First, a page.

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Centre Pompidou
30 years of world culture!
C.G.P., February 1, 2007
Centre Pompidou - CNES - Pascal Le Doare - Esrange - Sweden
Centre Pompidou - CNES - Pascal Le Doare - Esrange - Sweden
 
The building

Under the rules of the competition, the architectural project had to meet the criteria of interdisciplinarity, freedom of movement and flow, and an open approach to exhibition areas. The competition was won by two young architects: the Italian Renzo Piano and British designer Richard Rogers who proposed a constraint-free architecture in the spirit of the 1960s. The supporting structure and movement and flow systems, such as the escalators, were relegated to the outside of the building, thereby freeing up interior space for museum and activity areas. Colour-coded ducts are attached to the building's west façade, as a kind of wrapping for the structure: blue for air, green for fluids, yellow for electricity cables and red for movement and flow.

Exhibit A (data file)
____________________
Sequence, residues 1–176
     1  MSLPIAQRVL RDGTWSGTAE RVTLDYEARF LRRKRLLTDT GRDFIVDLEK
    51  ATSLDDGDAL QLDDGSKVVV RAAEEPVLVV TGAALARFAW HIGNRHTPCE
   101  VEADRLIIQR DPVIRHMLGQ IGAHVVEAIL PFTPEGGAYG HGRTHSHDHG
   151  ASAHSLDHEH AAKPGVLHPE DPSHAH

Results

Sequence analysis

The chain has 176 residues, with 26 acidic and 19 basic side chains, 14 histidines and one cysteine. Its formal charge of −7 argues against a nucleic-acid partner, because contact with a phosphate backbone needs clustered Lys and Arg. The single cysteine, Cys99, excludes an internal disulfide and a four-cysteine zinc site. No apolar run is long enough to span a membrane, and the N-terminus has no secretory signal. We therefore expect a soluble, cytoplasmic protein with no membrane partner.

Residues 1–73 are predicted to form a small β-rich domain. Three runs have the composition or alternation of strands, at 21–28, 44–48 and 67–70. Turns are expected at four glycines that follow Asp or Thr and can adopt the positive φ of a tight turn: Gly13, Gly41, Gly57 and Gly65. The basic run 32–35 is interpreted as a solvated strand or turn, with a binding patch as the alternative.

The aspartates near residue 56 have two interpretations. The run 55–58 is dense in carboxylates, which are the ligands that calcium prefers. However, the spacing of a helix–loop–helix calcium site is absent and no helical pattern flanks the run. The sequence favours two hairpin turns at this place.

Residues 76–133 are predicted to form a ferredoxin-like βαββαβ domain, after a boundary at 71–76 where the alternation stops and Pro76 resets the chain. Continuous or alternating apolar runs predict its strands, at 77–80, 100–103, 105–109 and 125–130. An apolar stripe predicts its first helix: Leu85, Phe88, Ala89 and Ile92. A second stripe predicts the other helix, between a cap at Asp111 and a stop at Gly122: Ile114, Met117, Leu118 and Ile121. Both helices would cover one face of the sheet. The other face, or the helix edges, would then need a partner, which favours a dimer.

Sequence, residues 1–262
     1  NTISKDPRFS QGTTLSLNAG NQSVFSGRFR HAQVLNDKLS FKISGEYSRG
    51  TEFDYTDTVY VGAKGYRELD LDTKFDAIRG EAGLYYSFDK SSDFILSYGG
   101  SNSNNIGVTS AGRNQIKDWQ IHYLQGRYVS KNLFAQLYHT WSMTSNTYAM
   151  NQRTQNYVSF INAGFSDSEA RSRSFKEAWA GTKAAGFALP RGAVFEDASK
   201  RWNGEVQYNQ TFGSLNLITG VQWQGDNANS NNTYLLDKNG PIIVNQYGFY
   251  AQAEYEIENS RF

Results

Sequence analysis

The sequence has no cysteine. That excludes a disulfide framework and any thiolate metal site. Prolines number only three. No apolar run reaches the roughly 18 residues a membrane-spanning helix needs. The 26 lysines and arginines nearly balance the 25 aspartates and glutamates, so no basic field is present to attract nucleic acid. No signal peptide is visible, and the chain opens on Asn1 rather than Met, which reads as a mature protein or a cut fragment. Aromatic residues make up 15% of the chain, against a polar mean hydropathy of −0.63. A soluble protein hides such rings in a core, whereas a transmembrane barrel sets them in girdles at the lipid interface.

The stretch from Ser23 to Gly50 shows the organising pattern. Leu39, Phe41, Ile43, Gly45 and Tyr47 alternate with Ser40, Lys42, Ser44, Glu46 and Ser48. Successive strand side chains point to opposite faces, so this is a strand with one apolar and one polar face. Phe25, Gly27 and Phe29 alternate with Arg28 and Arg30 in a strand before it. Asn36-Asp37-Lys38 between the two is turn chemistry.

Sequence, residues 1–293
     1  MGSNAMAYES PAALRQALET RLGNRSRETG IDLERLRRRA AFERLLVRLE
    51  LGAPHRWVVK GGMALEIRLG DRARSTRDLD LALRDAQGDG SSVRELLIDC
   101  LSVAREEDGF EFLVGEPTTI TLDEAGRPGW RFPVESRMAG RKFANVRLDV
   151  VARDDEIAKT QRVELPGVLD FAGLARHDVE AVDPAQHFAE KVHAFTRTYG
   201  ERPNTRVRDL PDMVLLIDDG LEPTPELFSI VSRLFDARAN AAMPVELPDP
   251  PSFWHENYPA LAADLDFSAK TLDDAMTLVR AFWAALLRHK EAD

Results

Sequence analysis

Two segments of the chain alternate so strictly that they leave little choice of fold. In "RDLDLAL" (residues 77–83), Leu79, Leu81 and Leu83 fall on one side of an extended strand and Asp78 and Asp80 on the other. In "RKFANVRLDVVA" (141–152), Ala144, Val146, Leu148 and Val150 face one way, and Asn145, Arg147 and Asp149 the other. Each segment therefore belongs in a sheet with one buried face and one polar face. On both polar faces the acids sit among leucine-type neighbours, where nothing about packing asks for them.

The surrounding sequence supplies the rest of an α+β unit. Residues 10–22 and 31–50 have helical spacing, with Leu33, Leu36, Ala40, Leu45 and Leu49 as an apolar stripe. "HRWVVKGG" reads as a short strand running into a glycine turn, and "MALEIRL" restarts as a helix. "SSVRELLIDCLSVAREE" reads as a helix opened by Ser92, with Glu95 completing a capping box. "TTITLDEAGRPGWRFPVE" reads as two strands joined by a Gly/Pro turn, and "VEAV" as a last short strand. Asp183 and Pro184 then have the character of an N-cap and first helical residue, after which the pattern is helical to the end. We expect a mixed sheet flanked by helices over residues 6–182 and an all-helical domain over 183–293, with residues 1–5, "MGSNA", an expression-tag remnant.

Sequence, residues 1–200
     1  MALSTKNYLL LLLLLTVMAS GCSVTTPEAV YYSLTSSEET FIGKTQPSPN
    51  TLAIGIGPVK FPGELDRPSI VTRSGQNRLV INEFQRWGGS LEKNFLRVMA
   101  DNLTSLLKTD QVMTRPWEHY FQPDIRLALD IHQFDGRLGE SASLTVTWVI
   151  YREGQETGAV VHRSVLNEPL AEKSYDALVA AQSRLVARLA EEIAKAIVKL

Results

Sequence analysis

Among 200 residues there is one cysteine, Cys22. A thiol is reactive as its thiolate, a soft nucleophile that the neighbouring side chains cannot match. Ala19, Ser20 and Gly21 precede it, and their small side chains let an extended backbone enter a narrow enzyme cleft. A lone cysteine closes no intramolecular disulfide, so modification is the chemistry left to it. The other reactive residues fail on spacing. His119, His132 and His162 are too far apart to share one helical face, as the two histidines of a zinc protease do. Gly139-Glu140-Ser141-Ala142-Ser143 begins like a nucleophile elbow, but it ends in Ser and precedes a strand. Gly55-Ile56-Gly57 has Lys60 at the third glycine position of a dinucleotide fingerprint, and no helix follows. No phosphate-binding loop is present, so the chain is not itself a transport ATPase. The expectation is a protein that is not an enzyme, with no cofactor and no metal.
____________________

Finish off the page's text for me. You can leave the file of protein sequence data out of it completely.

The transparency of the west main façade allows people to see what is going on inside the centre from the piazza, a vast esplanade that the architects conceived of as an area of continuity, linking the city and the centre. The centre quickly fell victim to the unexpected scale of its success. With some seven million visitors per year, the building aged prematurely and had to close in October 1997 for 27 months. During this time 70,000 m² were renovated and 8,000 m² added, mainly to display collections. This was possible by relocating the offices outside the centre. When it reopened on 1 January 2000, the centre was an immediate, overwhelming public success again, testifying to the public's inseparable attachment to the site and its spirit.

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